Colo. businesses say regulations strangling growth
DENVER — Colorado business groups representing about 10,000 companies told lawmakers today that state and federal regulations are strangling their ability to rebound from the recession and they want relief.
Some of the changes they want include eliminating requirements that hospitals get state permission to name their facilities and housing regulations that require developers to get design approval for every home they build even if they all have the same design.
“We really didn’t believe that should be a government issue. What we’re finding is that many of the statutes regulating our industry are 40 years old, and the rules come out with very little notification,” said Ginny Brown, vice president of legislative affairs for the Colorado Hospital Association.
The businessmen aired their gripes Wednesday at a meeting with Republican lawmakers organized by Senate Minority Leader Mike Kopp.
Business leaders said they plan to hold Gov.-elect John Hickenlooper to his promises to cut red tape. Hickenlooper often complained about excessive regulation when he ran a brewpub in Denver, including city rules that prevented him from expanding his restaurant and hiring more workers.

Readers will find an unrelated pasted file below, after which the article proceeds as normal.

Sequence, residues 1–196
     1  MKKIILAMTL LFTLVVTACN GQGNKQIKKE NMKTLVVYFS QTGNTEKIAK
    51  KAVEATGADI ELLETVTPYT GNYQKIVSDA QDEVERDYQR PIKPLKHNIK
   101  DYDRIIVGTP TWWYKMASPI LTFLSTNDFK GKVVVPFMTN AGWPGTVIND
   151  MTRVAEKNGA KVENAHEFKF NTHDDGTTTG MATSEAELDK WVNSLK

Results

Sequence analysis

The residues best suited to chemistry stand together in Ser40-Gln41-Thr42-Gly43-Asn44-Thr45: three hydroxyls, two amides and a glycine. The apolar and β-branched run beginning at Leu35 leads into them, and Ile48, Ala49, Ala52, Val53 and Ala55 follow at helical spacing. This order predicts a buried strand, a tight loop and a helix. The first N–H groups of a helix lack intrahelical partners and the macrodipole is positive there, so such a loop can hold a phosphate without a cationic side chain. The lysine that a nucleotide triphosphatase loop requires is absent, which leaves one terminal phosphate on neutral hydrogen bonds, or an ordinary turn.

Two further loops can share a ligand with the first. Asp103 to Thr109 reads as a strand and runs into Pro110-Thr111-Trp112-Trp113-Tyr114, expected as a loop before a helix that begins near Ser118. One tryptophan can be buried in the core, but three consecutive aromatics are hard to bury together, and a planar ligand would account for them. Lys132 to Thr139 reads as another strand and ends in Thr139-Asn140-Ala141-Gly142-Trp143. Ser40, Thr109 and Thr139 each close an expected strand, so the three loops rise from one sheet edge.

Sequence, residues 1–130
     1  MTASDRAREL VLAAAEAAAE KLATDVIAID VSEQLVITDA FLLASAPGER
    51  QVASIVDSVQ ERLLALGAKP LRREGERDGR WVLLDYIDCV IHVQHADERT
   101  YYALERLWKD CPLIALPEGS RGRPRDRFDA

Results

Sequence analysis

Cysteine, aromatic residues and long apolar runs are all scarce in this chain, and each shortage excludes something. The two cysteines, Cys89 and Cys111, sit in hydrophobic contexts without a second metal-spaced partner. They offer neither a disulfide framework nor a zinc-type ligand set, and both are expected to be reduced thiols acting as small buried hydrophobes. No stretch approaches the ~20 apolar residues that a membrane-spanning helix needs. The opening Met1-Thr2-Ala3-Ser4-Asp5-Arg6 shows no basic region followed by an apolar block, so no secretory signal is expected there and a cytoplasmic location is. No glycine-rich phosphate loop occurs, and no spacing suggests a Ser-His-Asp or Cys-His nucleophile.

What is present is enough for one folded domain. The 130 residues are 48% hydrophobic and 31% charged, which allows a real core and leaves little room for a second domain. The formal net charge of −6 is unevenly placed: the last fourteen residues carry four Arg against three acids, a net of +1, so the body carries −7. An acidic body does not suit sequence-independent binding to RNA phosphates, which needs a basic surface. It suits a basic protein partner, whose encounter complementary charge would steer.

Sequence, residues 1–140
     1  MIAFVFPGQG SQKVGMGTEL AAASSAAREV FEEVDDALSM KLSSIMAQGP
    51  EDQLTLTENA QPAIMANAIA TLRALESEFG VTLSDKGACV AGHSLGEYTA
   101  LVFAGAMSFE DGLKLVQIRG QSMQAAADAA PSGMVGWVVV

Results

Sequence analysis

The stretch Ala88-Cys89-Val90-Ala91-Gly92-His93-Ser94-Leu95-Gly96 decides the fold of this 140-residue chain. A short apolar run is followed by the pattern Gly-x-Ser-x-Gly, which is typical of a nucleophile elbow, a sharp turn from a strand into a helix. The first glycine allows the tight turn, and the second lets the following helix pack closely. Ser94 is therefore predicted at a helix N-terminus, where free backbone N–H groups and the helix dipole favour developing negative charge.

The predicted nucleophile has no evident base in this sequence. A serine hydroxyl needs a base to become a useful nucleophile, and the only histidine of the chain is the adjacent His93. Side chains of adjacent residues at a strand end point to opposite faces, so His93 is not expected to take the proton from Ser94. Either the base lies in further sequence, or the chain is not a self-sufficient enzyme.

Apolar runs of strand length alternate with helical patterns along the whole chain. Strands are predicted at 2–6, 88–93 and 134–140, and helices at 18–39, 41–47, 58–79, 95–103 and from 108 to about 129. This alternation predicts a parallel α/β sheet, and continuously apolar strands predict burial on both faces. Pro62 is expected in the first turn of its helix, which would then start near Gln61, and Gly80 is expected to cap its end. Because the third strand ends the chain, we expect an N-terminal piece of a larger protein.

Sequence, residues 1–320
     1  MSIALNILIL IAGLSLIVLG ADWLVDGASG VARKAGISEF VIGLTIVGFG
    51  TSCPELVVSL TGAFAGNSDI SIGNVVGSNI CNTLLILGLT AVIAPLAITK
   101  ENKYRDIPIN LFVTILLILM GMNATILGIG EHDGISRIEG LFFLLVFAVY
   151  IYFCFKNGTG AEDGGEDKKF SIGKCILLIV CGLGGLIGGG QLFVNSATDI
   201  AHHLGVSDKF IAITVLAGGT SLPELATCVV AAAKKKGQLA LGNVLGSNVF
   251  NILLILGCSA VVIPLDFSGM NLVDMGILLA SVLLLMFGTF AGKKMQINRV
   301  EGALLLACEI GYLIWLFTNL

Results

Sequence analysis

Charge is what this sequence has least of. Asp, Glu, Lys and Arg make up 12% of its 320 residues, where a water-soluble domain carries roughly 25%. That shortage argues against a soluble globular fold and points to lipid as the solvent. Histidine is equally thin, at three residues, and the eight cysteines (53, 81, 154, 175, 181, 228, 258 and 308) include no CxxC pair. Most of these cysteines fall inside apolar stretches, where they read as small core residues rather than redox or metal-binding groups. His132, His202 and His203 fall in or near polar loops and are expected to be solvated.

“He’s open to all of those suggestions. If there is a better way and more efficient way to do it, he’s willing to listen,” said spokesman Eric Brown.
Stuart Sanderson, president of the Colorado Mining Association, said his industry is trying to cope with 233 revisions to coal mining regulations after Democratic Gov. Bill Ritter and his administration cracked down on them after taking office four years ago.
Tony Gagliardi, state director of the National Federation of Independent Business representing about 750 small Colorado businesses, said the entire rulemaking process is flawed and should be changed.
He said Colorado lawmakers are forced to rely on state agencies to make rules governing the industries they regulate because the legislature is in session only four months of the year. He said the directors who serve in the governor’s Cabinet are given guidelines by the legislature, but they are often so broad the directors have wide latitude to interpret and enforce them.
Gagliardi cited a rule by the Colorado Department of Public Health and Environment requiring child care facilities to keep bottles of bleach water used to clean tables out of the reach of children. One facility was fined because workers put a cleaning bottle on top of an 8-foot-tall cabinet out of the reach of children. The health department said the bottle should have been locked up, even though it wasn’t in the rules.
Matt Garrington, a spokesman for Environment Colorado, said Coloradans want jobs, but they also want clean air and clean water. He said rules are needed to enforce the regulations and fees and fines are needed to pay for the experts who enforce them.